- They have created an environment where fake news can flourish to the economic advantage of conservative media and right-wing insurgents and now dismantling that would hurt entrenched power.
Are these even arguable? The second one is the most interesting. If the left-wing were trying to elect Hillary Clinton (probably true) and abandoned their journalistic methods, stories about her email would not have outpaced her policies by a huge margin.
Fox has positioned itself as the leader in legitimate conservative journalism. While it has told some whoppers, The Omnivore believes that its production is, largely, legitimate. The issue is not one of truth but of pervasive bias: Fox News is unapologetic about its bias and, because of the mix of the above points (entertainer-news-casters, strategic doctrine gaps, etc.) it is often forced to maneuver around the unvarnished truth.
This makes it vulnerable to accusations of fake-news rather than a primary offender of fake news--but this also means that it can't come out and start going after TruthFeed or The Angry Patriots Facebook site or whatever. If it did that, it could destabilize its viewing base.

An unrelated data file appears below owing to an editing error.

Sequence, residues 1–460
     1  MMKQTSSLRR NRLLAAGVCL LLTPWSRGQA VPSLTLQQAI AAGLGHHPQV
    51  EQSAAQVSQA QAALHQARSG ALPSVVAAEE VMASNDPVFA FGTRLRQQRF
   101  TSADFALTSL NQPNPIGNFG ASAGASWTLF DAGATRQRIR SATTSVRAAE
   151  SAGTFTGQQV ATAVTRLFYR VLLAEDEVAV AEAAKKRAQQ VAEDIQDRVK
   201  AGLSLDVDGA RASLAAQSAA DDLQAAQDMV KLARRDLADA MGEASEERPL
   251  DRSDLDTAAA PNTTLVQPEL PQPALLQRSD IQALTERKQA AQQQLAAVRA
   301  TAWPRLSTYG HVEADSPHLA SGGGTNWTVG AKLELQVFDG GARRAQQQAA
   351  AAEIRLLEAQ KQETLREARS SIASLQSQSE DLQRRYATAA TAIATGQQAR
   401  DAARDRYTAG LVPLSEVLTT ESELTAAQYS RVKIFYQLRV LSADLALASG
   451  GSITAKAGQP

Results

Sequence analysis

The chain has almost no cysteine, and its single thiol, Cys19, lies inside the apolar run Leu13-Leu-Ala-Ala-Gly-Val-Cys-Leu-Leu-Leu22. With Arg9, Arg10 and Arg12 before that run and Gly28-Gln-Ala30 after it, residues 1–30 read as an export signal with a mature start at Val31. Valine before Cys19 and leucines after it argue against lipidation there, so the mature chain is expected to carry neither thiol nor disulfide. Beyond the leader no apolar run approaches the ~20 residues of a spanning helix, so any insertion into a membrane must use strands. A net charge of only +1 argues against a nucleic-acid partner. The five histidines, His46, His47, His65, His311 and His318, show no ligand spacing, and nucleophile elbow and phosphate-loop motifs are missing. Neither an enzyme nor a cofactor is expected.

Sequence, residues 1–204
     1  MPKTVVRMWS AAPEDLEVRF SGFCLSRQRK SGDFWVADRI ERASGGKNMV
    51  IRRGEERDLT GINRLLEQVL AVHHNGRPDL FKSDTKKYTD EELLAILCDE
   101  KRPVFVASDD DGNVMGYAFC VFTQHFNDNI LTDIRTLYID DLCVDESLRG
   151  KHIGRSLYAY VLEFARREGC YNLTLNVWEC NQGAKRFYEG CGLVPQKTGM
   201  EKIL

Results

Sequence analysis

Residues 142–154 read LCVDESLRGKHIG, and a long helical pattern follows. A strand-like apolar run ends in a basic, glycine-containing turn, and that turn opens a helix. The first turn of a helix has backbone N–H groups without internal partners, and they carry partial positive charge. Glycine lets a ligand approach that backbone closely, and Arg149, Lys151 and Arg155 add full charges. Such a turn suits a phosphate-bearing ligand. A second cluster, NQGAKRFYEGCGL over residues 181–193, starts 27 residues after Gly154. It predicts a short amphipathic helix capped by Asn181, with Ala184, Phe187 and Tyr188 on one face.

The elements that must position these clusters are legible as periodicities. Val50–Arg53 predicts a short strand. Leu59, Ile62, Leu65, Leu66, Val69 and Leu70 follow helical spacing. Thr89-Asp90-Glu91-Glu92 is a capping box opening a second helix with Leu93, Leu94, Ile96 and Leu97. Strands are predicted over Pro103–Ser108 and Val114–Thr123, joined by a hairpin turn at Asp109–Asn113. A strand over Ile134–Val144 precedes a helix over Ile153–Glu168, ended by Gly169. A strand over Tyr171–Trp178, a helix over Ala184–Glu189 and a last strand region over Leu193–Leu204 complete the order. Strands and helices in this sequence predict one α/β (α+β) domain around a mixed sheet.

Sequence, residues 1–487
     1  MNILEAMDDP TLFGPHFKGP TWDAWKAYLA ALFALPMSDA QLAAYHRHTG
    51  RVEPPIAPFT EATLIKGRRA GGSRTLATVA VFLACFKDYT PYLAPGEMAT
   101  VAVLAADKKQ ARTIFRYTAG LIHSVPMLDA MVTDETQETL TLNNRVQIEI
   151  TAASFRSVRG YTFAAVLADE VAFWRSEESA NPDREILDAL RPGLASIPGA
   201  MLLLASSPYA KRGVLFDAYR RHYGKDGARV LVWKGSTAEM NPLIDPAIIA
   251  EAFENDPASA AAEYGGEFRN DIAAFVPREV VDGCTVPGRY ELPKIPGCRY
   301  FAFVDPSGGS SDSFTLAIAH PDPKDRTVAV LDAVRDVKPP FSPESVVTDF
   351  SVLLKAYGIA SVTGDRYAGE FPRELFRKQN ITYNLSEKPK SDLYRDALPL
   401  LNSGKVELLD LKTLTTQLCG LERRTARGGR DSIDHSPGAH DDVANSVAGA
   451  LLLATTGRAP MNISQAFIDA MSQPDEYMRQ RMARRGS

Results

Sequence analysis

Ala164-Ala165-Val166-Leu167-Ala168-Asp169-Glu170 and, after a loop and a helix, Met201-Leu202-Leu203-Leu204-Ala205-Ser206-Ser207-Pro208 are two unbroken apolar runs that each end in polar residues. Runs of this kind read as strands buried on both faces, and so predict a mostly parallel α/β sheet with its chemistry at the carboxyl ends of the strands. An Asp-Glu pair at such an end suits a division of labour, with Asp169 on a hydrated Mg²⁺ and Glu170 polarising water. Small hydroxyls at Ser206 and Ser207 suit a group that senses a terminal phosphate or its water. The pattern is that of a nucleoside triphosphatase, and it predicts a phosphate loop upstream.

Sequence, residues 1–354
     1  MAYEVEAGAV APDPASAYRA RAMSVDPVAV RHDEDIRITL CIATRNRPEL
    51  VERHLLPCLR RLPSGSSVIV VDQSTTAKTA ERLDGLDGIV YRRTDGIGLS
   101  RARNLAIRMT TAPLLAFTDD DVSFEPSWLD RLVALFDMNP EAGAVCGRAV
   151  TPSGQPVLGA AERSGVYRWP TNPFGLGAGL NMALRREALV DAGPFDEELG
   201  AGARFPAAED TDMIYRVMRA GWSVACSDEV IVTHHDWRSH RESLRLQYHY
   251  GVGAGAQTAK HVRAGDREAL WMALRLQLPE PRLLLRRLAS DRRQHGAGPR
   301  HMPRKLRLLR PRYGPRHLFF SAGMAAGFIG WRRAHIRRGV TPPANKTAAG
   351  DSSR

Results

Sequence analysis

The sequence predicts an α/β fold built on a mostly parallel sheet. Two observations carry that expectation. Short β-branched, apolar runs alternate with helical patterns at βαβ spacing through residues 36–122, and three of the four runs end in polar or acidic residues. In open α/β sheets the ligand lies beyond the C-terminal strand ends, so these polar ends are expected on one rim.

It can't say "Yo, guys, Obama's pretty bad but he is definitely not trying to institute sharia law--oh, and black people were not better under slavery. Also, voter fraud? Never been a serious identified case of it and people do have the tools to look and find it."
They can't say that because then no one would trust them.
They also make a lot of money off fake-news consumers like the gold-certificates thing (Okay, Beck makes money off it--but you see the point).
Fake news is good for conservatives. It's bad for liberals.
That's the truth that people are skirting around.